Sales of compact crossovers continue to surge in Europe, with a 15% gain in 2018 to over 1,7 million sales or 11,1% of the overall market, up from 9,6% in 2017 and 7,7% in 2016. Most of the growth comes from newly launched or very recent models. We’ve decided to separate the tables of the compact and midsized crossover segments but still feature them in one post and in one graph as the models in these classes are so close to each other in size and there are so many different opinions on which models belong in which of these segments. Combined, sales in these segments are up 15% to 13,7% of the total European car market, and VW Group and Renault-Nissan each control 22% and PSA another 17% of these segments combined, for a whopping 61% share by just three manufacturers. The Nissan Qashqai is still the best selling crossover in Europe, despite losing 7% on its record volume of 2017. Its closest rival is still the Volkswagen Tiguan, down 9% although its figures are estimates, as we don’t have official split figures from the 7-seater Tiguan Allspace and we estimate a 15% take rate for that version, which is featured in the midsized crossover segment. The Peugeot 3008 continues its impressive run and also crosses the 200.000 sales threshold thanks to a 20% increase on last year. When combining these segments, the 3008/5008 duo would be on top of the charts, just ahead of the Qashqai/X-Trail, with the Tiguan trailing at a distance. By any standard an impressive performance from the French brand, and we’re curious to see how the all-new Citroën C5 Aircross will perform once its deliveries start to show its true potential.
Note: clicking on the model name opens the sales data page for that model; clicking year in the legend turns the display for that year on/off
The Ford Kuga keeps improving even in the mature days of its product cycle, setting an annual sales record for the fifth consecutive year, and at the same time claiming 4th place from the Hyundai Tucson, down 10%. The Toyota C-HR is the big winner in the top-8 with a gain of 21%, leapfrogging the Kia Sportage, down 6% and Renault Kadjar, down 10% to just below 100.000 sales. The top-10 is completed by two newcomers, both siblings of top-3 players: the Skoda Karoq and Opel/Vauxhall Grandland X. The Jeep Compass sells almost five times of what it has ever sold in Europe in a single year. In fact, it sold more in 2018 alone than in all of the previous 12 years before combined. That puts it above the Seat Ateca and the Mazda CX-5, the latter of which gains 18% thanks to the new generation. The Mitsubishi Eclipse Cross lands at #14, followed by two redesigned models: the Subaru XV and Jeep Wrangler, both of which improve significantly. In fact, 2018 is the second best ever sales year in Europe for both of them, after 2012. Among niche players, the DR Motor DR4 stands out, the Italian version of the Chinese JAC Refine S3. At the bottom of the ranking we find the Hyundai Nexo fuel cell electric vehicle with its first 92 deliveries.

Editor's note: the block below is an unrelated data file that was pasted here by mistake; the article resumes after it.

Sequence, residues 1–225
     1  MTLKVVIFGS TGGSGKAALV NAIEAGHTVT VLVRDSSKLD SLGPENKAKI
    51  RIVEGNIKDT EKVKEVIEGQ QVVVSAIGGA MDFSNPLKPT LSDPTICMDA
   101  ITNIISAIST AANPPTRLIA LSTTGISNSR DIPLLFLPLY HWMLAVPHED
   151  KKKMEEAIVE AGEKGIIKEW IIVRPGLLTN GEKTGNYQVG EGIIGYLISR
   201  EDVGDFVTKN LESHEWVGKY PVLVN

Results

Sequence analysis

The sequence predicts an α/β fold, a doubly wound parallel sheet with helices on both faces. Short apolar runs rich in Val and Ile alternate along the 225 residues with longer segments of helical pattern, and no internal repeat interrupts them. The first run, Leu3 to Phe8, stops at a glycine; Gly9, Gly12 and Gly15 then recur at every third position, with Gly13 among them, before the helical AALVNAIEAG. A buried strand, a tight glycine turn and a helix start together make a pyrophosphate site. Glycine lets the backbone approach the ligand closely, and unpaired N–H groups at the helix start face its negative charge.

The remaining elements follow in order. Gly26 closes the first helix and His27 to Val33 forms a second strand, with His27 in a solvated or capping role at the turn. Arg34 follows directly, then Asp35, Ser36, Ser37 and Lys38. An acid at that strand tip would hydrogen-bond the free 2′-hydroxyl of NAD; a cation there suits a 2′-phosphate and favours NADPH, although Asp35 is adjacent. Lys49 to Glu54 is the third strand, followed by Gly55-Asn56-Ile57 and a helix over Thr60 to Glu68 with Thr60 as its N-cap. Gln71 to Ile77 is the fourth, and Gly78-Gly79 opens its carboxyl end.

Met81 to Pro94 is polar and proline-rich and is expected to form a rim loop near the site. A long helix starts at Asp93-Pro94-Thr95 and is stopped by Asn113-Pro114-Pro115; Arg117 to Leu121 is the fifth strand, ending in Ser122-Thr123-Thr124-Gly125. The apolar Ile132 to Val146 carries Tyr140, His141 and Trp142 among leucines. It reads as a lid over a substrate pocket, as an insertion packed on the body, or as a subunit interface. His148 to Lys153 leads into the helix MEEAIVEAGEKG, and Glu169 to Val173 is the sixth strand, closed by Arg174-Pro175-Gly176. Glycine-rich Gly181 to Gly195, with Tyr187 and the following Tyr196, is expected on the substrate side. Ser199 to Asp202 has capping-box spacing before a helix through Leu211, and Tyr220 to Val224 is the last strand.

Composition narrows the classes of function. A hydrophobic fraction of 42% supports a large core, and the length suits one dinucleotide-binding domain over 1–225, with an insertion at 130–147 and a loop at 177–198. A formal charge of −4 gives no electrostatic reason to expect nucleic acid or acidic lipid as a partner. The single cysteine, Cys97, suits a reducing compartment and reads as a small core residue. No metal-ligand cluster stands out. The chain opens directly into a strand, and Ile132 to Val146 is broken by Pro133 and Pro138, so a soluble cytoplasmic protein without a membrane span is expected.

In 2019 we won’t see a lot of product news, except for a next generation SsangYong Korando (of which an all-electric version is planned), the facelifted Renault Kadjar and perhaps MG will bring the HS to its UK dealers.
The midsized crossover segment has been growing at lightning speed in recent years due to an influx of new players to the class. Although growth has slowed down slightly, it’s still in double digits and will continue to do so in 2019 as there’s still plenty of news in the segment. 2018 has brought a new name on the top of the ranking, with the Peugeot 5008 rising three places from #4 in its first year as an SUV, claiming almost 20% of the segment and leaving the Toyota RAV4 and Skoda Kodiaq behind. The Nissan X-Trail is the big loser of the segment, down 31% while the next generation isn’t due for at least another year. The Mitsubishi Outlander rebounds after two years of declines and stays ahead of the Volkswagen Tiguan Allspace (estimated at 15% of overall Tiguan sales). The Honda CR-V is struggling as the new generation is taking long to arrive in Europe, and the Renault Koleos nearly hits 19.000 sales in the first full year of sales for the new generation. That’s not even a record for the nameplate, as the previous version, a rebadged Samsung imported from South-Korea, sold over 21.000 units in 2009. The new Koleos has greatly improved in terms of design and quality, but it doesn’t help that it’s only available with big diesel engines in Europe. The Subaru Forester is due for a redesign and the Jeep Cherokee just can’t seem to break through in Europe the way its smaller siblings Renegade and Compass have. We welcome the Seat Tarraco to the segment, a model that should be able to reach 8th place once its deliveries pick up steam.
In 2019 we’ll get the new generations of the RAV4 and CR-V and Renault will update the Koleos with hopefully smaller and/or more efficient engines.
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